First dot-brand gTLD calls it quits

Kevin Murphy, October 9, 2015, Domain Registries

The South Korean industrial conglomerate Doosan has decided to formally abandon its new dot-brand gTLD, the first to do so.

The news was announced by ICANN this evening, as part of the launch of a new web page for tracking gTLD contract termination requests.

Doosan is a bloody big company with multiple billions of annual revenue, in no danger of going out of business any time soon, so it seems the termination is simply due to a lack of interest.

The .doosan gTLD is not subject to the dot-brand provisions in Specification 13 — it actually signed its contract a week or so before Spec 13 was finalized — but ICANN has determined that the string should not be transitioned to a new registry.

Intellectual property rights and the fact that nobody else owns any .doosan names figured heavily in the decision.

Even though Doosan signed its Registry Agreement in April 2014, got delegated a year ago, and has been available to use since mid-March, the company never created any domains other than the obligatory nic.doosan (which no longer resolves for me).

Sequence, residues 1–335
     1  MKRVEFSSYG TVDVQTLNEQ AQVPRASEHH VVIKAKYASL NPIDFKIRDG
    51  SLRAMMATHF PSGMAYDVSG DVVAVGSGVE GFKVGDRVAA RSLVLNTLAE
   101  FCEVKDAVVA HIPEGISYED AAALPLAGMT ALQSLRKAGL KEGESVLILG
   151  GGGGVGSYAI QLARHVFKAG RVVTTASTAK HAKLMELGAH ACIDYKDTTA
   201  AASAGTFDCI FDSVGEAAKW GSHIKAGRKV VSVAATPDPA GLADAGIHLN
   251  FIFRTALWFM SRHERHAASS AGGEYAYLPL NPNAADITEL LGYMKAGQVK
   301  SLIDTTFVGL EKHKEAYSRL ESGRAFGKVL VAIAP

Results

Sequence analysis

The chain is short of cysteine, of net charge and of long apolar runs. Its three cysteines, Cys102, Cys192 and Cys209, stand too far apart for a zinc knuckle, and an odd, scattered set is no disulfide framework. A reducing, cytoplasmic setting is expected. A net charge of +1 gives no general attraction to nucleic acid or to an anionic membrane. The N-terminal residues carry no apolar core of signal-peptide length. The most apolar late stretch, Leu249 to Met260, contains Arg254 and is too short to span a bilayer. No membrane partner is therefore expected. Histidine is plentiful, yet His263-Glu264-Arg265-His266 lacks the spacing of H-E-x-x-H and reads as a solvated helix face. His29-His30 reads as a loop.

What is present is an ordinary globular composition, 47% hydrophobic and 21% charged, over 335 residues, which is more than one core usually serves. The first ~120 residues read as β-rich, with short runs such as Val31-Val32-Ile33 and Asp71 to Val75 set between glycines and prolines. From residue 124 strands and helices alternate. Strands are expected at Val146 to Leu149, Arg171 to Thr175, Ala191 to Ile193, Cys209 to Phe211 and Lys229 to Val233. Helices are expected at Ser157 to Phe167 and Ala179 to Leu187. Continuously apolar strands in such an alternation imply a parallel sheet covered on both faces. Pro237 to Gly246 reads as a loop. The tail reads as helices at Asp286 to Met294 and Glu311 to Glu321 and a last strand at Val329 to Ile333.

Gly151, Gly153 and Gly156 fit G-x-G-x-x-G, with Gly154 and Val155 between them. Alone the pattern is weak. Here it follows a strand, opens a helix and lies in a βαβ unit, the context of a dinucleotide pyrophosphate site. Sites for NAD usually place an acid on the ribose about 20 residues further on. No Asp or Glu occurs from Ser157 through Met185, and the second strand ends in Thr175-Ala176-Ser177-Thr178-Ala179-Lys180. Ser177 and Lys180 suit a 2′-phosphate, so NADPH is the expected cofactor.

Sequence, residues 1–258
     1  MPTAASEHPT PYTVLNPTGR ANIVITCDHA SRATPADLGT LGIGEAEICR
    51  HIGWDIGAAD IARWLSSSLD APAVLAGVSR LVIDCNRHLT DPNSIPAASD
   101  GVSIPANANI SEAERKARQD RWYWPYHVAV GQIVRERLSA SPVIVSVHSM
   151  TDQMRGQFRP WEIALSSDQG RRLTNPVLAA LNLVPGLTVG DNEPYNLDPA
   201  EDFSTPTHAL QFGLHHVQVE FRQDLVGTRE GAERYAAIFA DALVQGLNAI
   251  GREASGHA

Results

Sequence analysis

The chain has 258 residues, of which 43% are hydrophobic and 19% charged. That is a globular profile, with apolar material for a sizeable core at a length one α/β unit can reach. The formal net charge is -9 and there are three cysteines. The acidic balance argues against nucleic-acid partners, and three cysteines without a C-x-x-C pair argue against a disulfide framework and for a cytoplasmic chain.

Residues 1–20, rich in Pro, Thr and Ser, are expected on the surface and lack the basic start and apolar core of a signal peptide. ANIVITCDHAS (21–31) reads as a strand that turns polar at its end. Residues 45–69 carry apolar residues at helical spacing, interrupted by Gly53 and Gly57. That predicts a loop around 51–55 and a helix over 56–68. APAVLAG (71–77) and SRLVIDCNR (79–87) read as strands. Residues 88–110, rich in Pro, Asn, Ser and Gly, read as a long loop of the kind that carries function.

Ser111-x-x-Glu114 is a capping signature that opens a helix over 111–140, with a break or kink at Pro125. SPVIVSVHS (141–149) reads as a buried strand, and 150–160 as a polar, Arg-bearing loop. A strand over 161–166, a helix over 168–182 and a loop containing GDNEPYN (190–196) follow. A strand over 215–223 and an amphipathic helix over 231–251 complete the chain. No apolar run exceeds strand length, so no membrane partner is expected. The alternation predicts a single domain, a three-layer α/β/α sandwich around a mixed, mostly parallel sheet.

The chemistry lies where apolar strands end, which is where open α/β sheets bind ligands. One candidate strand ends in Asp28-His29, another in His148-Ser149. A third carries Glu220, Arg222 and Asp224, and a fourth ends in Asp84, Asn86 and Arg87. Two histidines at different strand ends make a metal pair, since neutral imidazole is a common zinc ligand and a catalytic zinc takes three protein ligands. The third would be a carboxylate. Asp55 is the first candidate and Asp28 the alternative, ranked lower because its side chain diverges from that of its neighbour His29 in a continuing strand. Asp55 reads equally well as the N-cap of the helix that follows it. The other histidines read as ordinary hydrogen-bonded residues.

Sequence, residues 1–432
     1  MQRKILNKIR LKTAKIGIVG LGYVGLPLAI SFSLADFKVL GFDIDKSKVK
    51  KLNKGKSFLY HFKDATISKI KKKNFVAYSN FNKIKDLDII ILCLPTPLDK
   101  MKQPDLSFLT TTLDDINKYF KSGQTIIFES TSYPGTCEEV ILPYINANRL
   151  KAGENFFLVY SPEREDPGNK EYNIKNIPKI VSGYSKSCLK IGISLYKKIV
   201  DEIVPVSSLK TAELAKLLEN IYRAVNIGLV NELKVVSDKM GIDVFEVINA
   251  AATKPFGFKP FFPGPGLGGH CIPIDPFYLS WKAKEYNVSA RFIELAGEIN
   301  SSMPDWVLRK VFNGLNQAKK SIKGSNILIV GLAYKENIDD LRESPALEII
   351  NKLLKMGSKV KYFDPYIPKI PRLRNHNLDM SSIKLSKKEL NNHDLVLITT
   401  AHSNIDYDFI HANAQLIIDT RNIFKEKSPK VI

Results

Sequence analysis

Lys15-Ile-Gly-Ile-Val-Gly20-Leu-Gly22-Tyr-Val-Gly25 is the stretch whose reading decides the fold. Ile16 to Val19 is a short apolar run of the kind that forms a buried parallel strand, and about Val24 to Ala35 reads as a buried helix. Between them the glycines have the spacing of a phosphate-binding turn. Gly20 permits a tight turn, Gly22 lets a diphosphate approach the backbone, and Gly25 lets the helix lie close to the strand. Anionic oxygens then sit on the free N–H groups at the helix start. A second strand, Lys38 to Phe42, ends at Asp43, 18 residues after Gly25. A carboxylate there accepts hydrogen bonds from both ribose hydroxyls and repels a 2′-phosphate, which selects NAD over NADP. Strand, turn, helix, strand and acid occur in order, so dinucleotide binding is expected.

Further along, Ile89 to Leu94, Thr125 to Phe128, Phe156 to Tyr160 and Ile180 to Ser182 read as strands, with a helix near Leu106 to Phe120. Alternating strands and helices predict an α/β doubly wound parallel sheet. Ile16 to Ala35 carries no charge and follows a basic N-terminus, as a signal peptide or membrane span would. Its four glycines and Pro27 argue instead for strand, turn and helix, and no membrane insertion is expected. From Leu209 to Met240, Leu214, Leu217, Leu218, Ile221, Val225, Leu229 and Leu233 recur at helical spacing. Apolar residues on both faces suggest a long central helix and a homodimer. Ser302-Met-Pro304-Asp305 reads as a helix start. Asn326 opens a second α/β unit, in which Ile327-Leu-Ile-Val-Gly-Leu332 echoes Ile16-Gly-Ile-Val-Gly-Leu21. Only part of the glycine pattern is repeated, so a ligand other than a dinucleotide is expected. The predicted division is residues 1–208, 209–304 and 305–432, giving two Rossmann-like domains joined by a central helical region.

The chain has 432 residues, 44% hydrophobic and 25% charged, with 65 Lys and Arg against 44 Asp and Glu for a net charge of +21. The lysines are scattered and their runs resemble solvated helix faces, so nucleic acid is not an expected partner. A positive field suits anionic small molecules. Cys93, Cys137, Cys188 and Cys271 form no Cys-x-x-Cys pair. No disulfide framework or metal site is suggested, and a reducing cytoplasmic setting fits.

The termination is subject to public comment until November 9.

Dozens of dot-brands finally sign ICANN contracts

Kevin Murphy, August 5, 2015, Domain Services

Dot-brand gTLD applicants that were playing wait-and-see with ICANN’s contracting process signed Registry Agreements in droves last week.

At least 67 new RAs were signed in the last three days of July, on or around the ICANN’s July 29 deadline, ICANN’s web site shows.

This means that there are still about 50 applicants that have not pulled the trigger and may have to apply for an 60-day last-chance extension.

A week before the deadline, roughly 170 brands had still not signed contracts.

The July 29 deadline was put in place for dot-brands last year due to delays creating Specification 13 of the RA, which gives brands special opt-out clauses dealing with things like sunrise periods.

Those that have still not obtained RAs are expected to be flagged as “Will Not Proceed” and will have to apply to ICANN for the extension under its Application Eligibility Reinstatement process.